Good Teacher, what must I do to inherit eternal life?

by Mike Ratliff

17 Now as He was going out on the road, one came running, knelt before Him, and asked Him, “Good Teacher, what shall I do that I may inherit eternal life?” Mark 10:17 (NKJV) 

The natural man cannot conceive of eternal life coming to anyone who does not “earn” or somehow “deserve” it. Jesus’ teaching set the record straight, but many today still do not regard what He said. Even preachers and religious leaders have bent the truth and twisted it in such a way so as to provide a way for professing believers to have a “work” they could point back to that marks them as having done that one thing that enables them to inherit eternal life. The Kingdom of God is not earned by people who somehow elevate themselves higher than others through their good works or their religiosity. No, our Lord used children as examples whom He referred to this way, “For to such belongs the kingdom of God.”

13 Then they brought little children to Him, that He might touch them; but the disciples rebuked those who brought them. 14 But when Jesus saw it, He was greatly displeased and said to them, “Let the little children come to Me, and do not forbid them; for of such is the kingdom of God. 15 Assuredly, I say to you, whoever does not receive the kingdom of God as a little child will by no means enter it.” 16 And He took them up in His arms, laid His hands on them, and blessed them. Mark 10:13-16 (NKJV) 

Children do not belong automatically to the Kingdom but must come to Jesus and receive Him the same as adults, but what our Lord was saying is that no one can enter His Kingdom except by this same child-like faith, which is with humble trusting dependence, and the recognition of having achieved nothing of value or virtue in the sense of having “earned” or “deserved” salvation. This event in the Gospel of Mark is immediately followed by our Lord’s encounter with a rich young man who asked, “Good Teacher, what must I do to inherit eternal life?”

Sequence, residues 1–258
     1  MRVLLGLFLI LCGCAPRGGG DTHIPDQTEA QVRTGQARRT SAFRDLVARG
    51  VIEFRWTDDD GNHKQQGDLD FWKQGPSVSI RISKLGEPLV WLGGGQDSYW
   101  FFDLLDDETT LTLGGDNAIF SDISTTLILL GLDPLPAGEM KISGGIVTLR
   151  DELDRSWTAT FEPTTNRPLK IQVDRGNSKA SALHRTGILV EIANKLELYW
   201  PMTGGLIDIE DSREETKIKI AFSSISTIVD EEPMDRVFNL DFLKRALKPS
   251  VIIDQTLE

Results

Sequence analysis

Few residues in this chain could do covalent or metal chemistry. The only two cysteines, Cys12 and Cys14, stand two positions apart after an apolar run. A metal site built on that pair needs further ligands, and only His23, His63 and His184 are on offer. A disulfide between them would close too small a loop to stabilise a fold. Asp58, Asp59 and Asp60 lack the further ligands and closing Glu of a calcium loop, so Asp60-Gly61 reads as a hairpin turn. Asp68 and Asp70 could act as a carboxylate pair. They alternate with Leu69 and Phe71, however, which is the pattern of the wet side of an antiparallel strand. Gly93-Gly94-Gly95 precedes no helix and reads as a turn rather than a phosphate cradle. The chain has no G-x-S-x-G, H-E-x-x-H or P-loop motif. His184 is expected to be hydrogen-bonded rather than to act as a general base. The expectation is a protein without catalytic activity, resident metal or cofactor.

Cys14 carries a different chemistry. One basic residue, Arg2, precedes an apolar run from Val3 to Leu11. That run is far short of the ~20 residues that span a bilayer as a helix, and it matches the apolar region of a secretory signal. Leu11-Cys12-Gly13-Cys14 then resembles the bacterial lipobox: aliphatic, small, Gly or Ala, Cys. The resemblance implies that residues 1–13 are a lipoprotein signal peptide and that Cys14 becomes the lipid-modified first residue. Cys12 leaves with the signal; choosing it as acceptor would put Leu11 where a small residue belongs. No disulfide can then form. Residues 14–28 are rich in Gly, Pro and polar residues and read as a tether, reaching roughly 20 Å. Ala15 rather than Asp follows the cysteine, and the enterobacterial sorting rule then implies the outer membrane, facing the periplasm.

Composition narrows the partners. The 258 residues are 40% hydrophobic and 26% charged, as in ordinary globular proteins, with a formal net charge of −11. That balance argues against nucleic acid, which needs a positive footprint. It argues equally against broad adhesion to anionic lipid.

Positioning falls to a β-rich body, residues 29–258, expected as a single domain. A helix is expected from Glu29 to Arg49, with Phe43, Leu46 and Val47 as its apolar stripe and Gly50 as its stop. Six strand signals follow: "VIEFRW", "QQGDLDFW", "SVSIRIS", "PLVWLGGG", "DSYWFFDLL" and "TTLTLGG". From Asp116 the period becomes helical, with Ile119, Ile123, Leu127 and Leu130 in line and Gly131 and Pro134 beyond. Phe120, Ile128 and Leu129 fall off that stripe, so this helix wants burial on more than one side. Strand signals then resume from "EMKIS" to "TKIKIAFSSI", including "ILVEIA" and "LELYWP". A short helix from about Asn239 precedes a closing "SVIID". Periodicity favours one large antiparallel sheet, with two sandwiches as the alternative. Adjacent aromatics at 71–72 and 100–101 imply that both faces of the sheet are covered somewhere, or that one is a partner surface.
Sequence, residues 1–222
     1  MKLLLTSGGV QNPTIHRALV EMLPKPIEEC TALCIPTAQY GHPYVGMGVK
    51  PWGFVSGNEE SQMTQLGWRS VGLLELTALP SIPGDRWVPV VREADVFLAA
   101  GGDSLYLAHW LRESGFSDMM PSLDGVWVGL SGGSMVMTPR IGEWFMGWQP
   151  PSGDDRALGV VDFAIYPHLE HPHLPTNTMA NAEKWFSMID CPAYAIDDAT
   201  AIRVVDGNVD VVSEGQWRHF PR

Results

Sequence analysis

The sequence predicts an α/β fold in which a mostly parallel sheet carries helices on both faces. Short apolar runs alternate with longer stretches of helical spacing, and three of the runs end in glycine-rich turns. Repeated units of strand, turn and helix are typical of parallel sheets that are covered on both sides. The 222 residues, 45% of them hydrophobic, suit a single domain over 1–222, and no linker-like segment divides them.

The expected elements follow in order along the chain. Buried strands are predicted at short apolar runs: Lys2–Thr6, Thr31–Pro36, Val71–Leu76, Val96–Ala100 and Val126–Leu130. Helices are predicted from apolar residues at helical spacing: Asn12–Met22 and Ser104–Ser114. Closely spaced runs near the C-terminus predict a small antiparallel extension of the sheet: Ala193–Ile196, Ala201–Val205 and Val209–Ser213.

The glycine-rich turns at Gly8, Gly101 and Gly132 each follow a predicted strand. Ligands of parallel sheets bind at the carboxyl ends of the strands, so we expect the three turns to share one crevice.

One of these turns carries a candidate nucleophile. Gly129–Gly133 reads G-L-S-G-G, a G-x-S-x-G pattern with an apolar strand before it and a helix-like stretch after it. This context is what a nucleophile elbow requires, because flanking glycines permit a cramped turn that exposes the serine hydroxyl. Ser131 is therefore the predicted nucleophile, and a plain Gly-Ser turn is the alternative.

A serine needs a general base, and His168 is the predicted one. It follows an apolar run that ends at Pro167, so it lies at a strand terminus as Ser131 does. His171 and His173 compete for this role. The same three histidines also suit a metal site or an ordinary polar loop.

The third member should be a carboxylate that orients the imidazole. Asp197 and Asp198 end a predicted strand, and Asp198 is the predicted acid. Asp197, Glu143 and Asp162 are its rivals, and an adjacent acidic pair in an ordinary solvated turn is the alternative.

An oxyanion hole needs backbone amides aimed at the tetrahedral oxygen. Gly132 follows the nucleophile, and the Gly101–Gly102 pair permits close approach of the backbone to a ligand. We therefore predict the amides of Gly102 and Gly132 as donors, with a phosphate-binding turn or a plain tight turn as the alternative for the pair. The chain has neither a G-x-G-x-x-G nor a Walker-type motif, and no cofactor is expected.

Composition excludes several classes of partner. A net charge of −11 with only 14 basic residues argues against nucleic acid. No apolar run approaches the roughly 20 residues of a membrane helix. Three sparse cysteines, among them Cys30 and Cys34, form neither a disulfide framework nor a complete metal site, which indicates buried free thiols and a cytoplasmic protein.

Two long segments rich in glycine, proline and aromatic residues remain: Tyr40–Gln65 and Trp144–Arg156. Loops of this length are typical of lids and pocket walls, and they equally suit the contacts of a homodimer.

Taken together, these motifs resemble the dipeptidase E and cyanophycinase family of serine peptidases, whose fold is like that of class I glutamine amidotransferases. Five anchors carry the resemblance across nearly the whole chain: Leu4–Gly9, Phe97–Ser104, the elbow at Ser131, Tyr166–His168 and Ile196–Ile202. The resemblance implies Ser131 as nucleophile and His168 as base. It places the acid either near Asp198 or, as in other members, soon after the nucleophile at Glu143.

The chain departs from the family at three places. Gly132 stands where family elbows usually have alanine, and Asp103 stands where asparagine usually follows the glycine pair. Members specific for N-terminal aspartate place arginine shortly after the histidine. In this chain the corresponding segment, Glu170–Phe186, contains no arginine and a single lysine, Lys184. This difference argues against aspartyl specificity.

17 Now as He was going out on the road, one came running, knelt before Him, and asked Him, “Good Teacher, what shall I do that I may inherit eternal life?” Mark 10:17 (NKJV) 

This question is steeped in legalism. His mindset was such that he could only conceive of some religious deed that would guarantee him eternal life. What was our Lord’s response?

18 So Jesus said to him, “Why do you call Me good? No one is good but One, that is, God. 19 You know the commandments: Do not commit adultery,’ ‘Do not murder,’ ‘Do not steal,’ ‘Do not bear false witness,’ ‘Do not defraud,’ ‘Honor your father and your mother.’ ” Mark 10:18-19 (NKJV) 

When I was a fairly new Christian, this question by our Lord puzzled me. However, now I understand that what He was doing was challenging the implications of ascribing to Him the title “good.” This is a title that fits only God completely so was he prepared to recognize the deity of our Lord? Then our Lord challenged him to compare his life with the standard of God’s Law. What was the young man’s response?

20 And he answered and said to Him, “Teacher, all these things I have kept from my youth.” Mark 10:20 (NKJV) 

No one can make this claim in complete sincerity. This young man’s answer was superficial and untrue. Since he obviously believed this about himself, we should wonder why he came to Jesus to ask his question.

21 Then Jesus, looking at him, loved him, and said to him, “One thing you lack: Go your way, sell whatever you have and give to the poor, and you will have treasure in heaven; and come, take up the cross, and follow Me.” Mark 10:21 (NKJV)